UNDER MY HOOD I HAVE A HAT by Karla Kuskin
FICTION
Released: Oct. 1, 2004

"The text is short and simple enough to use with toddlers who are just beginning to listen to real stories, but the rhyme, rhythm, and attractive illustrations on lime-green backgrounds will also appeal to older preschoolers and even beginning readers. (Picture book. 2-6)"
Kuskin's short, catchy poem (first published in 1964) about bundling up for winter weather serves as the text in this simple, sweet story about a little girl and her dog playing in the snow. Read full book review >
BEATRICE DOESN’T WANT TO by Laura Numeroff
FAMILY AND GROWING UP
Released: Oct. 1, 2004

"While big people might see the end coming, the target audience will enjoy the twist and wish for further adventures. (Picture book. 2-6)"
"Beatrice didn't like books. She didn't even like to read. Read full book review >
BABY GOOSE by Kate McMullan
FICTION
Released: Oct. 1, 2004

"Oversensitive parental readers may be pleased by that, and certainly by the tongue-in-cheek art; babies will, as ever, enjoy hearing the playful nonsense. (Nursery rhymes. 0-3)"
McMullan brings babies to center stage in 27 thematically arranged, deftly altered Mother Goose rhymes—"Hark hark the dogs do bark / The babies are coming to town," "Oh, the Baby Duke of York / He had ten thousand men," "Baby Foster went to Gloucester," etc. Lemaître illustrates each with a cartoon-style scene, featuring diaper-clad toddlers accompanied by a varied and recurring cast of farm animals, pets, bugs, bath toys, and dancing sausages. Read full book review >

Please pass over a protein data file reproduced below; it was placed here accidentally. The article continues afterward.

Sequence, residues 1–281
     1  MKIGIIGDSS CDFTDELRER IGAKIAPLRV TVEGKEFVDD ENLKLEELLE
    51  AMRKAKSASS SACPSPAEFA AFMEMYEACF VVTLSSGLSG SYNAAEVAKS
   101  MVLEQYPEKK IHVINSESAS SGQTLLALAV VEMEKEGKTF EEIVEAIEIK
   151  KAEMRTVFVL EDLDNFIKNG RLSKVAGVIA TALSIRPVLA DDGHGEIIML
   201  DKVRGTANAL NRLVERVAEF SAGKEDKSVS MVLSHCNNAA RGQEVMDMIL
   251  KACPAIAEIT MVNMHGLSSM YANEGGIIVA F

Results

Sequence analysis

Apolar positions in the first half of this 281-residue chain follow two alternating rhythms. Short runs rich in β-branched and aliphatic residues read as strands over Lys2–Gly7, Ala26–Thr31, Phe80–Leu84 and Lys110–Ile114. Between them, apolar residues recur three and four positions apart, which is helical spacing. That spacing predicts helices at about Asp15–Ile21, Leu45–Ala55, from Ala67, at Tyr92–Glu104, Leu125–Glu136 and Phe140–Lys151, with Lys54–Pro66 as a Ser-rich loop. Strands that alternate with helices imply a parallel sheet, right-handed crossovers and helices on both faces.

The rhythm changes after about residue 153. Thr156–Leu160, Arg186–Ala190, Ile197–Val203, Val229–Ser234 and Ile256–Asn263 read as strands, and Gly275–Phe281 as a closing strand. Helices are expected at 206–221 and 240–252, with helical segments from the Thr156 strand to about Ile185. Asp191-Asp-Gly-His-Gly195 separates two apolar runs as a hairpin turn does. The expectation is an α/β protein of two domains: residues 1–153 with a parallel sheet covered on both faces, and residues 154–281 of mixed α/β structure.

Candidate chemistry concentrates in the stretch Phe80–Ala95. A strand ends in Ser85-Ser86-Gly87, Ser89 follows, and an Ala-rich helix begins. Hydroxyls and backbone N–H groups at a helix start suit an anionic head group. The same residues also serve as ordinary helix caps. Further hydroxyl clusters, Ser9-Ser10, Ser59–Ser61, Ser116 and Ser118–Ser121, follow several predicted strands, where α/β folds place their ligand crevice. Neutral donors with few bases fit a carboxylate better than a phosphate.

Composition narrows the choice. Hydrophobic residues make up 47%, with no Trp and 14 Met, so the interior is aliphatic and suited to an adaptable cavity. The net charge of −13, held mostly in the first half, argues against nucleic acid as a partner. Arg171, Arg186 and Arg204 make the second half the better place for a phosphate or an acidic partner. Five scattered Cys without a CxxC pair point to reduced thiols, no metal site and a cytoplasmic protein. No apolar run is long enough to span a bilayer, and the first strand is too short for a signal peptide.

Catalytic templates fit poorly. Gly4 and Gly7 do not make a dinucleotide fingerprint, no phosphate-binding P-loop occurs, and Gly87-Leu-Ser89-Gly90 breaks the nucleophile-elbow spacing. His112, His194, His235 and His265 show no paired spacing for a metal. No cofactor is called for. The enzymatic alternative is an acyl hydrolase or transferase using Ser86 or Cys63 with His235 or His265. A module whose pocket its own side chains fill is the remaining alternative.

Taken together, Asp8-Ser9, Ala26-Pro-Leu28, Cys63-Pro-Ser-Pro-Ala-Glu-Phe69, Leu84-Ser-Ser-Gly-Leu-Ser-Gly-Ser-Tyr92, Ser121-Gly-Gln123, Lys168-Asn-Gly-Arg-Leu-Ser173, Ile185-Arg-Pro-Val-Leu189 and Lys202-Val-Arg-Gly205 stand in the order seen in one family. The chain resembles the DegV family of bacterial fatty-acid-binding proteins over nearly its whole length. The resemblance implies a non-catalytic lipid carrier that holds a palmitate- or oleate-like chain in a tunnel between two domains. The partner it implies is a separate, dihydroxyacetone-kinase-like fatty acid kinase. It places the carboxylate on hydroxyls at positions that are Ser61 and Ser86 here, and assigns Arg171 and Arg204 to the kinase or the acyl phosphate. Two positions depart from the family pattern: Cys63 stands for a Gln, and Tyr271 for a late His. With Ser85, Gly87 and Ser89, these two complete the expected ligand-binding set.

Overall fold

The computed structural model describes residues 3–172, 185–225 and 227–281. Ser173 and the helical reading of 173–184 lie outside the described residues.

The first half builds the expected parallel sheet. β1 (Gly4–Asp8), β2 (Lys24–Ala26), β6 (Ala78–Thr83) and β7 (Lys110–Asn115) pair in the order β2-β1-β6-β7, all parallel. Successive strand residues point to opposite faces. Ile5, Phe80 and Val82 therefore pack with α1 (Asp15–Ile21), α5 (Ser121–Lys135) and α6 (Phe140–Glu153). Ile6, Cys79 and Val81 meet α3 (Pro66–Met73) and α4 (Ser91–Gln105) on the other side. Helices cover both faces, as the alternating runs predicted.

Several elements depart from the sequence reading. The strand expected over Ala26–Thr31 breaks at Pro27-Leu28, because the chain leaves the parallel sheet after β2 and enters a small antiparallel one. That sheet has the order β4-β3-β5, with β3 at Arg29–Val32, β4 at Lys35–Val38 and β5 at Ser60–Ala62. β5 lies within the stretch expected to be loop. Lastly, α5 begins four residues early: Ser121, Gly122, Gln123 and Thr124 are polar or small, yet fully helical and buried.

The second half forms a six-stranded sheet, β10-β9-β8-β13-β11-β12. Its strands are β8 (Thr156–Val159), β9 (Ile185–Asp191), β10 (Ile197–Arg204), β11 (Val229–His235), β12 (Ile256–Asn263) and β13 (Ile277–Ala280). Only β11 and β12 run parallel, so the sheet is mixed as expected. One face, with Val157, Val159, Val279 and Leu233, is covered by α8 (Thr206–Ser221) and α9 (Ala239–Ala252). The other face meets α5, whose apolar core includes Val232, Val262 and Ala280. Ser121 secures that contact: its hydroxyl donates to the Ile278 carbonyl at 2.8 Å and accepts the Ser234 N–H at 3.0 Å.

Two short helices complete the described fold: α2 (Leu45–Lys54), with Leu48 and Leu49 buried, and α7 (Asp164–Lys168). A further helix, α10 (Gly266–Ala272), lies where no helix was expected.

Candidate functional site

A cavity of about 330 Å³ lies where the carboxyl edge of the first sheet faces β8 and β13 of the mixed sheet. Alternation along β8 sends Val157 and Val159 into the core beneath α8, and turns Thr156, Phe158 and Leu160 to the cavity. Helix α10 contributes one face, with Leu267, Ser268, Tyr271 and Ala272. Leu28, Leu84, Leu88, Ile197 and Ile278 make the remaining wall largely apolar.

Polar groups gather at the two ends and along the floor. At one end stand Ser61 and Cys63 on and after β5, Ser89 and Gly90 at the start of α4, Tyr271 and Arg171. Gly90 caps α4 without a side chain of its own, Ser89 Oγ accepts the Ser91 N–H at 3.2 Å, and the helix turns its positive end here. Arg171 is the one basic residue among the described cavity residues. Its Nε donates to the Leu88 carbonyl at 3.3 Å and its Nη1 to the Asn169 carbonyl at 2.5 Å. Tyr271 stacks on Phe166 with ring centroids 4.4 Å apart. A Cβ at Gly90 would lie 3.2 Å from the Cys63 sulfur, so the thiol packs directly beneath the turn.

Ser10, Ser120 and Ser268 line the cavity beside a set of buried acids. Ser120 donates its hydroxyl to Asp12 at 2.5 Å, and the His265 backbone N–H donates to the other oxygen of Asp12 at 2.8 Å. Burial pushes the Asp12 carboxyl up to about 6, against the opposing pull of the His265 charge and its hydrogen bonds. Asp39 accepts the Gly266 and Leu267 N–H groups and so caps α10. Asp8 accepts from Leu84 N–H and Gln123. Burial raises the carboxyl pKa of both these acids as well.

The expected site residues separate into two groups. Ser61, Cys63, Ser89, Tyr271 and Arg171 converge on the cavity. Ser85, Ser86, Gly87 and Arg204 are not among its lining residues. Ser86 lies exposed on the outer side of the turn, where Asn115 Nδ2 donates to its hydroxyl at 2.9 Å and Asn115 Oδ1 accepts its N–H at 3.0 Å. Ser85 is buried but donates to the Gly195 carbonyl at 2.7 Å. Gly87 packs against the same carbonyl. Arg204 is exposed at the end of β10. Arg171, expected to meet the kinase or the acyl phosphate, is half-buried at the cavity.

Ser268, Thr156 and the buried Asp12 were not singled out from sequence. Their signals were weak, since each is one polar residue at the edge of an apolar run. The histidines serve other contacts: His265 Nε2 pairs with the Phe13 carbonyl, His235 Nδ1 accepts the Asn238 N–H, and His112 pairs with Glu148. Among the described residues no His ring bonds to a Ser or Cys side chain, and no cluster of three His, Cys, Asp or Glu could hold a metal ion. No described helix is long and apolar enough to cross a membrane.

DAN YACCARINO’S MOTHER GOOSE by Dan Yaccarino
POETRY
Released: Sept. 28, 2004

"Mother Goose reinterpreted lives on. (Picture book. 2-5)"
Yaccarino casts 34 traditional Mother Goose nursery rhymes into an unconventional urban setting. Read full book review >
Kirkus Interview
Clinton Kelly
January 9, 2017

Bestselling author and television host Clinton Kelly’s memoir I Hate Everyone Except You is a candid, deliciously snarky collection of essays about his journey from awkward kid to slightly-less-awkward adult. Clinton Kelly is probably best known for teaching women how to make their butts look smaller. But in I Hate Everyone, Except You, he reveals some heretofore-unknown secrets about himself, like that he’s a finicky connoisseur of 1980s pornography, a disillusioned critic of New Jersey’s premier water parks, and perhaps the world’s least enthused high-school commencement speaker. Whether he’s throwing his baby sister in the air to jumpstart her cheerleading career or heroically rescuing his best friend from death by mud bath, Clinton leaps life’s social hurdles with aplomb. With his signature wit, he shares his unique ability to navigate the stickiest of situations, like deciding whether it’s acceptable to eat chicken wings with a fork on live television (spoiler: it’s not). “A thoroughly light and entertaining memoir,” our critic writes. View video >